Last month, we launched a partnership with CloudBees, the company behind the popular open source Jenkins Continuous Integration tool chain. Continuous integration and delivery are at the heart of the way we make software at Pivotal, and Jenkins makes us agile—allowing for quick iterations while delivering high quality software to our customers. This is why Jenkins is one of our favorite CI tools, and it is now available as a turnkey add-on service for Pivotal CF. You can download it from the Pivotal Network.
The Jenkins Enterprise service is deployed via Ops Manager with minimal configuration. Ops Manager simplifies the process of installing and configuring Jenkins, including the setup of master and slave node, registration of a trial licence, setup of additional useful developer plugins, and integration with Cloud Foundry’s User Authorization and Authentication (UAA) service. With single sign on (SSO), developers can also log in with existing credentials.
Jenkins infrastructure can easily be scaled up and down or re-deployed straight from Ops Manager. The flexibility of the Cloud Foundry platform applies to partner services as well.
Integrating with Pivotal Cloud Foundry
The features that I am most proud of put the application developer experience at the centre of the product, ensuring a consistent development, testing, and staging experience.
We mimic the runtime environment for Ruby and NodeJS applications, and we allow you to provision and bind to service instances such as your database. The approach enables integration testing and allows for direct deployment from Jenkins into your chosen Pivotal CF environment.
How Does It Work?
Visit your CloudBees Jenkins installation at http://pivotal-cloudbees.your-cf-installation.com and click on New Item. Then choose the “Build a free-style software project” to get started.
Using an example Ruby and Redis test application from GitHub, you can run the test suite for this application, and provision a Redis instance on your Pivotal CF installation.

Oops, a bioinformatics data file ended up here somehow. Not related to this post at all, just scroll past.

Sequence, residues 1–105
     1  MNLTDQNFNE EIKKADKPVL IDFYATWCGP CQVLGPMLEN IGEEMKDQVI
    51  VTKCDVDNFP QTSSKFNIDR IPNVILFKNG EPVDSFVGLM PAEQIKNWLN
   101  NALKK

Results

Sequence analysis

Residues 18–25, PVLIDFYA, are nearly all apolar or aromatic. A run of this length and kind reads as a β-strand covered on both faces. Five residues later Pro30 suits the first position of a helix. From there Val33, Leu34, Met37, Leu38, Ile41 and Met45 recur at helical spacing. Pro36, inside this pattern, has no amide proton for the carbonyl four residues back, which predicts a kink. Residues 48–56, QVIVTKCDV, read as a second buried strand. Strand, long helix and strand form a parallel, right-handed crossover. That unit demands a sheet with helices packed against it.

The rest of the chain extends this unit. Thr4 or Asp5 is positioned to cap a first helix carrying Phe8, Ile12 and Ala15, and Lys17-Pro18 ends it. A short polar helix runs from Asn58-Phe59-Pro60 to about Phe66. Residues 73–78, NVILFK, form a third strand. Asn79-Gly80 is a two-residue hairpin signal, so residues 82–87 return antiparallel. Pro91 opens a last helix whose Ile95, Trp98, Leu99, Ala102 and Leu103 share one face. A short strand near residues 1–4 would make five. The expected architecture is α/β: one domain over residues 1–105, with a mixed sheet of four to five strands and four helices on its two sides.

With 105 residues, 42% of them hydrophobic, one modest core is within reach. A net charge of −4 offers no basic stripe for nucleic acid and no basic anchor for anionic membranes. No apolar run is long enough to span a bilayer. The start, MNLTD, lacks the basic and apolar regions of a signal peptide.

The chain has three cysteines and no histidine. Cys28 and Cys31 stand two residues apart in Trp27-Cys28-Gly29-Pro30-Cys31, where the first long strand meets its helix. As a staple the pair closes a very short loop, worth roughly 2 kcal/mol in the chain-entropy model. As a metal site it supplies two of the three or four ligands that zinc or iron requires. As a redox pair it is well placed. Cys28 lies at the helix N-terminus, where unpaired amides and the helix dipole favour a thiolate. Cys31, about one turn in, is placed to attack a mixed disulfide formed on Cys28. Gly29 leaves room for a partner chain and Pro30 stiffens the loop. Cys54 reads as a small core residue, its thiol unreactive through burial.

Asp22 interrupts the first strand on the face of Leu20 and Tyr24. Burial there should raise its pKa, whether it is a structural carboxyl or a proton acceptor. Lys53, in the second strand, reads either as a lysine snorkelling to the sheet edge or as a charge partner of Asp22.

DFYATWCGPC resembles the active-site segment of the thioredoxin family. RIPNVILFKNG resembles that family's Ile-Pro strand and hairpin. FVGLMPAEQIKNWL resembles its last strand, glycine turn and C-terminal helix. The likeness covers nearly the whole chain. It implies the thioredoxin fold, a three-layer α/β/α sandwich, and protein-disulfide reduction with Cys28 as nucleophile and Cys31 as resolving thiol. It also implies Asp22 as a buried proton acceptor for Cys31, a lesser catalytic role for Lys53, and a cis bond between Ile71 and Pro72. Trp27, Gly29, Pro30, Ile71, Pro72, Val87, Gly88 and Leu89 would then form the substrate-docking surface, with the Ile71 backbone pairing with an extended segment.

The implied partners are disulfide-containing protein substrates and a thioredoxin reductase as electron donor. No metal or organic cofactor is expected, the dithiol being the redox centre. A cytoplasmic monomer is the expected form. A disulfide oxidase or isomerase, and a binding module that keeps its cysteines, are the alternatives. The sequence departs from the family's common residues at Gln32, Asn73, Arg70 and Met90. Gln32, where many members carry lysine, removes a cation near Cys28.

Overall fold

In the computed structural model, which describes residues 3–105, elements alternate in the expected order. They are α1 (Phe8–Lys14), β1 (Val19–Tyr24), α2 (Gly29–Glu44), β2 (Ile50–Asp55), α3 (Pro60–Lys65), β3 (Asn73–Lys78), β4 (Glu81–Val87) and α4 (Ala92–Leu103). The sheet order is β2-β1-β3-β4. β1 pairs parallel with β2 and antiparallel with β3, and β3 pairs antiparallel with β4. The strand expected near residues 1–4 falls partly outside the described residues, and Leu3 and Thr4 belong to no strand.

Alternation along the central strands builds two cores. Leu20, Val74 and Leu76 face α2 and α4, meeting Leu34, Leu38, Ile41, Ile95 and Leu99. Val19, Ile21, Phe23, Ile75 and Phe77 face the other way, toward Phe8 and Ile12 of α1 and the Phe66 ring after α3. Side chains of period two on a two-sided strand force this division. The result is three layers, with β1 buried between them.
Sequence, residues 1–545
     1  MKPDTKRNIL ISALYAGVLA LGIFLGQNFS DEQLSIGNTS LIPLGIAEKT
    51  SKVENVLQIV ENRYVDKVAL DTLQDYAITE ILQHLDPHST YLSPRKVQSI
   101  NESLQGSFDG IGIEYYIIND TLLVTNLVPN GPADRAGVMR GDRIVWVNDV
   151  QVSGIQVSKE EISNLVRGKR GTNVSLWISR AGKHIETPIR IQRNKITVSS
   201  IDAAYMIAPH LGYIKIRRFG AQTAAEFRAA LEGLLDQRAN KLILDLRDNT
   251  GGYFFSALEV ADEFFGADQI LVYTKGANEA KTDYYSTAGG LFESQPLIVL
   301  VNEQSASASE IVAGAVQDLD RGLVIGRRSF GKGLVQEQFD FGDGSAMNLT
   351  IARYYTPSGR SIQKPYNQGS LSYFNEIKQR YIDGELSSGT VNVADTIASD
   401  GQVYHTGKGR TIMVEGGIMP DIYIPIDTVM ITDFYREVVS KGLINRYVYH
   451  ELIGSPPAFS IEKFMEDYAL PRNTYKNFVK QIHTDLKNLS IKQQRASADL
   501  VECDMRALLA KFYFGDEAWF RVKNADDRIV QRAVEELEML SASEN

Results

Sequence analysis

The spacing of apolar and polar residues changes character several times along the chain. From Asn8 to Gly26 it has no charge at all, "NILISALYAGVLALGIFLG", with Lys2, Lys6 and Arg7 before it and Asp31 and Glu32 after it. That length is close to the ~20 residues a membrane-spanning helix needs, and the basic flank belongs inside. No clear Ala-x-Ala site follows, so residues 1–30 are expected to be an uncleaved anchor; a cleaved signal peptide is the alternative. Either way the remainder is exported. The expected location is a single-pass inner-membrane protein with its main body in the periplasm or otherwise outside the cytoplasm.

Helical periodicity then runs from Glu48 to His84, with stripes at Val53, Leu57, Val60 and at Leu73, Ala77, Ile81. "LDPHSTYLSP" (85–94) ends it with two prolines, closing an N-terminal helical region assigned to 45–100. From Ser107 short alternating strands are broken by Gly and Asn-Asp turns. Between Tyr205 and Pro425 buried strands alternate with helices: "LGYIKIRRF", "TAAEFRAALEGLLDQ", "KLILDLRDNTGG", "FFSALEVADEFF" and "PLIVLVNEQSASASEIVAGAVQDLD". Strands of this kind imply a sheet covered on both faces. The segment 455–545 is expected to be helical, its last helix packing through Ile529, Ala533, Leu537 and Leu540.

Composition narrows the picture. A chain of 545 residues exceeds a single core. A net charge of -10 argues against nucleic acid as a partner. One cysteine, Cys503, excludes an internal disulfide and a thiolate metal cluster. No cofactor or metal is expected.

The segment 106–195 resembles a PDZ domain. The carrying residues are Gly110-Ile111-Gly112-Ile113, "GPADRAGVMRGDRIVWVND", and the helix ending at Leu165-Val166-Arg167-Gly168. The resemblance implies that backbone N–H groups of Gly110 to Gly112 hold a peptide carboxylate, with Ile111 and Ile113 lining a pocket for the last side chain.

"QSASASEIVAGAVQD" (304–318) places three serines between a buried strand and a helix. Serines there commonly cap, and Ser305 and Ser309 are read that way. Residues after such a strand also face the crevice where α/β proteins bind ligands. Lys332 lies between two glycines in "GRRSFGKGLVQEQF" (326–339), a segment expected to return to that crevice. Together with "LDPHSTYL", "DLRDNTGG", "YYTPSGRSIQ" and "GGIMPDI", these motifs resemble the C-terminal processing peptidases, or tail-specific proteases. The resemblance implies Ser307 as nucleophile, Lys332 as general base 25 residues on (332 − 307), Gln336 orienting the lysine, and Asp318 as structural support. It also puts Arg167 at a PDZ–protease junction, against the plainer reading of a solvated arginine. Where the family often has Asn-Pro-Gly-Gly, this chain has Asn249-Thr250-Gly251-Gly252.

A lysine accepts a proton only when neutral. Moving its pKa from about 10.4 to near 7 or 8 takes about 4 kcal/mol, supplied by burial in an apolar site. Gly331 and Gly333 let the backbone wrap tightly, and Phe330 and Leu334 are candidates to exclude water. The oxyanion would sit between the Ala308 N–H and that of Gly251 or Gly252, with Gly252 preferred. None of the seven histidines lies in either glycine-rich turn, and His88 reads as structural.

Next, create a build step to Execute Shell commands.
Type in the following code.
It is important to understand and walk through this code block, section by section:
Using Buildpacks and Data Services
. cf_buildpack export REQUIRED_SERVICE_INSTANCES=’p-redis:development:redis’ . test_service_instances rspec
The first line tells Jenkins to use the same Ruby build pack to run your application during the tests as would be used in the runtime environment, helping to ensure consistency.
The second line exports the data service and plan you would like to use. Here, we are using the `p-redis` product, with the `development` plan and we are going to refer to it as `redis`.
The third line provisions an instance of the Redis development plan to be used during your tests and binds your application to it. The last line runs the Rspec test suite provided in the GitHub repo.
Targeting Your PCF Environment
cf api https://api.your-cf-installation.com --skip-ssl-validation cf login -u me -p password -o development -s development
The first line targets the Cloud Foundry CLI to your Pivotal CF environment. For example, this is your production application where you wish to deploy your app after a successful test run.
The second line authenticates with your username and password and chooses the development organisation and space.
Pushing Your Application
cf create-service p-redis development redis cf push redis-example-app —no-start cf bind-service redis-example-app redis cf restart redis-example-app
The first line creates a service instance of Redis in your deployment environment, called
The second line will push your application with the name `redis-example-app` and does not start it yet.
The third line binds your `redis` instance to your application, and the last line restarts your application so it can utilise this binding information.
That is how easy it is to use Jenkins to pull an application from your GitHub repo, use buildpacks, create test data service instances, log in to your deployment Pivotal CF environment, and push the app live!
About the AuthorMore Content by Ben Laplanche